A year from the race that drew an end to the first part of the 2020 season, the peloton returns to Paris-Nice, this time in less uncertain circumstances.
As ever, the eight-day race – the first WorldTour stage race of the European season –draws a strong peloton of riders, with three Grand Tour winners, five ex-world champions, four Monument winners and four Paris-Nice champions on the start list.
There's a lot of firepower set to line up in Saint-Cyr-L’École on Sunday then, meaning plenty of climbers, sprinters and puncheurs to keep an eye on during the week.
We've narrowed that 161-man start list down to just six riders who we think ought to make an impact during the race. There are Grand Tour winners looking to build form, up-and-comers hoping to make the next step, and sprinters looking to battle with the best. Read on for our six riders to watch at Paris-Nice.
Cyclingnews will have full live coverage of the Paris-Nice, followed by race reports, news and interviews. For more information on how to watch live coverage of the race, visit - How to watch Paris-Nice 2021 – live TV and streaming.
Team: Quebeka Assos
Brief: One-man team?
It's early in the season, but already it's easy to see how critical Nizzolo is for this team's ambitions for the year ahead. They have strength in depth – that was clear with their collective effort in Kuurne-Brussel-Kuurne – but what they lack is a world class finisher when Nizzolo isn't present.
The Italian is fundamental to the team's success – he's taken their only win so far – and his ability to mix it with the best sprinters and also survive when a few big hills or crosswinds are brought into the mix gives Doug Ryder's team a focal point that no other rider on the team can honestly provide.
The calibre of opposition in Paris-Nice is formidable with Arnaud Démare, Mads Pedersen and Sam Bennett all on show but Nizzolo has shown, including last year when he won a stage in this race, that he's every bit as competitive. For Quebeka Assos to consistently win big races they need Nizzolo.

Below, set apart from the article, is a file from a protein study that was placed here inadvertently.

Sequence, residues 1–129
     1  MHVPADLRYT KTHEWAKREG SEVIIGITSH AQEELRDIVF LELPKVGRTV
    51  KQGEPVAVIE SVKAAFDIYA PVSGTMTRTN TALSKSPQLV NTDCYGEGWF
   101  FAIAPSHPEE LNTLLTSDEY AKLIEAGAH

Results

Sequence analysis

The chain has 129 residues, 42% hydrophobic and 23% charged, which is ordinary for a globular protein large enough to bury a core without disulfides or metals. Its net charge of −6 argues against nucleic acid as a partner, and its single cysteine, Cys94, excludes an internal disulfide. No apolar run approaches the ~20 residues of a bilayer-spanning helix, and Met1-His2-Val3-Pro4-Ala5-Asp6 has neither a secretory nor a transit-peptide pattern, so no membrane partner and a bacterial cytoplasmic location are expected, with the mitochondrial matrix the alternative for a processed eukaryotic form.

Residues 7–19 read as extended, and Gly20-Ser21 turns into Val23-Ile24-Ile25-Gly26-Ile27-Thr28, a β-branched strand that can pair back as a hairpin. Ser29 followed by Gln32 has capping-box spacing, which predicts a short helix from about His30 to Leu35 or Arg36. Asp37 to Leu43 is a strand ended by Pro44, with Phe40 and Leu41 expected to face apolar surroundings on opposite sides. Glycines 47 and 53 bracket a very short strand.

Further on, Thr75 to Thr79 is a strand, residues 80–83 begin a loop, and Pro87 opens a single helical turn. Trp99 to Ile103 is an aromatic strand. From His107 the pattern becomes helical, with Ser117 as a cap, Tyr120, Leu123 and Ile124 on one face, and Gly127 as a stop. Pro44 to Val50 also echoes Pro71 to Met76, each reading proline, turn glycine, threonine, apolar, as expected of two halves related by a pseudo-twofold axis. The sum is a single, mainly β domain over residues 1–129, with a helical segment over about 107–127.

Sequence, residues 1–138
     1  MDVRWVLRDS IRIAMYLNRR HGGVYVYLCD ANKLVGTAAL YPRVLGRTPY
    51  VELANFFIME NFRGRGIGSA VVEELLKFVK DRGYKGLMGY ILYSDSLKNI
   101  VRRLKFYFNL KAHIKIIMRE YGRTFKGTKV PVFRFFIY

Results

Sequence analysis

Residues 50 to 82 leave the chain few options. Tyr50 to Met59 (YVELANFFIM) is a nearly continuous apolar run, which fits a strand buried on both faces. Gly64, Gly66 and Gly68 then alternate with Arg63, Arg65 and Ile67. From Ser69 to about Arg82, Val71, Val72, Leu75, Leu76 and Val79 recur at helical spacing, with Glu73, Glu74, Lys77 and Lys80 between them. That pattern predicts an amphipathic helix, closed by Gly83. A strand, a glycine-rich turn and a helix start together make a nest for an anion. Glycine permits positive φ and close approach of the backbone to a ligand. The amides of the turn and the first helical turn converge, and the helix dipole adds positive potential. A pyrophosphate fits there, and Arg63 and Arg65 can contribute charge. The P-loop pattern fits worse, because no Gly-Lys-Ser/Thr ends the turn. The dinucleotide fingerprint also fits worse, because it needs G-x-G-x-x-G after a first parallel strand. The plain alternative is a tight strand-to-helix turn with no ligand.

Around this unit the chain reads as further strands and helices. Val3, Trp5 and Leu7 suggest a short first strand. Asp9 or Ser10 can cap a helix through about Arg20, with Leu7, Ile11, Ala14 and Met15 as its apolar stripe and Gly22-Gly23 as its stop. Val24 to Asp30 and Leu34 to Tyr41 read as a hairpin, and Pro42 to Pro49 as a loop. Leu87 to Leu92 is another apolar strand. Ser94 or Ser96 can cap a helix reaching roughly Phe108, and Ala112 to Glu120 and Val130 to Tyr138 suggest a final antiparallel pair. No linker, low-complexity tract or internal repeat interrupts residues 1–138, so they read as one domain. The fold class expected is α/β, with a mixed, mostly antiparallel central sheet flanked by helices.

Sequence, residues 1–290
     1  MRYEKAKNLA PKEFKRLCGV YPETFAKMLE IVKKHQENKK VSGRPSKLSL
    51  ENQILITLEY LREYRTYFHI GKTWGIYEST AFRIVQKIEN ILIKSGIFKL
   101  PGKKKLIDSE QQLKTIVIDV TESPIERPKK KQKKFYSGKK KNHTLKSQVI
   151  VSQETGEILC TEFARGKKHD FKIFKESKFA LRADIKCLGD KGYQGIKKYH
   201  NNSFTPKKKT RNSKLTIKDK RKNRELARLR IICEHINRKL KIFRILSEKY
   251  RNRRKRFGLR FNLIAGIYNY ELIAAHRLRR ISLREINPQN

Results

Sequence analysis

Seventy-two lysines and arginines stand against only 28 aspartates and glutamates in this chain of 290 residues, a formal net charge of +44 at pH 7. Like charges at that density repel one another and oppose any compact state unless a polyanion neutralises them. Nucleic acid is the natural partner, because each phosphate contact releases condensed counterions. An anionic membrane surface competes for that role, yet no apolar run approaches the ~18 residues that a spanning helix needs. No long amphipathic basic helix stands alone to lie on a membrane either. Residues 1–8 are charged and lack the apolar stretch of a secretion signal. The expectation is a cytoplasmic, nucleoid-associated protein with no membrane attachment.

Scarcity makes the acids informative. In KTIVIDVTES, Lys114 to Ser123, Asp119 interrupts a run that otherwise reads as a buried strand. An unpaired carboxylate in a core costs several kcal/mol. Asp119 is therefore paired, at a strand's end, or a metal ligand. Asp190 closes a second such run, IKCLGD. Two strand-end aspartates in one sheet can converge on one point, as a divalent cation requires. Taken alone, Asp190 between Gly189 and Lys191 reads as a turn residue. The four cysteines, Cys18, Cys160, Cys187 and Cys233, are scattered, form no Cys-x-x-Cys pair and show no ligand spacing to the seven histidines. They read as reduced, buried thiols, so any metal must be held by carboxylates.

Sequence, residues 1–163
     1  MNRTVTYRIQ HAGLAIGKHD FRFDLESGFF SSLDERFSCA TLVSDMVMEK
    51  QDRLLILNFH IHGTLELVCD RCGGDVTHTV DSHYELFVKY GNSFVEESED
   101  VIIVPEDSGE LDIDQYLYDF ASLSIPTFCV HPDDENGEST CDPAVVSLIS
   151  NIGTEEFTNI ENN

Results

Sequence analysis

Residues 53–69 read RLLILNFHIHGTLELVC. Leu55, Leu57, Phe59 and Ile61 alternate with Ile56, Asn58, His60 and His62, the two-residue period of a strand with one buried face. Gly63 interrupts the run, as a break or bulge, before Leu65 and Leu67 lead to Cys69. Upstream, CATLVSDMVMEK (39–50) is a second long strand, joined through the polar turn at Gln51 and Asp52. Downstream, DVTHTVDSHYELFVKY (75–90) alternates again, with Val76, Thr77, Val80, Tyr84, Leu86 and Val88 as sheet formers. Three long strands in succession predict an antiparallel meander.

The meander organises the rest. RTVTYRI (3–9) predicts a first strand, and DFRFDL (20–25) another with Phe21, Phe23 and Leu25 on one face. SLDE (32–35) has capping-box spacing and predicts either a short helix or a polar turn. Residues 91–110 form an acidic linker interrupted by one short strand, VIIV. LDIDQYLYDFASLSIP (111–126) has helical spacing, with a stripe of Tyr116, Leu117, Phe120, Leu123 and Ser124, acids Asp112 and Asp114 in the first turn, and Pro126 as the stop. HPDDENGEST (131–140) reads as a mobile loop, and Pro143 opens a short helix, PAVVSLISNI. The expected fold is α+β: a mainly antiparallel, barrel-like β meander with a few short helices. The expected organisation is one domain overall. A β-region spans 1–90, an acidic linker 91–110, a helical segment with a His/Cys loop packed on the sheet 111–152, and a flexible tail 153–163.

Team: Ineos Grenadiers
Brief: Taking on Roglic
Primož Roglič is the obvious pre-race favourite. His record in week-long stage races is frankly frightening, but he represents a fascinating challenge for Geoghegan Hart and the Ineos contingent.
With Rohan Dennis, Richie Porte and Laurens de Plus in their ranks the British squad have one of the strongest GC prospects on paper, and how they approach the race will say a lot about their plans for a more expansive style of racing over the coming season. We saw glimpses of it at the Giro, and again at the Opening Weekend but Paris-Nice is a different beast entirely.
For Geoghegan Hart, the race represents the next step towards the Tour de France, and while beating Roglič is by no means a deal breaker, seeing him compete against the Slovenian will be something Ineos and Jumbo-Visma will be watching with anticipation.
Brief: A chance to step up
With the departures of both Adam Yates and Jack Haig, the Australian squad need reinforcements when it comes to their stage racing leadership. Simon Yates can't be everywhere at once, and Esteban Chaves is too inconsistent with illnesses and a lack of form often derailing his ambitions.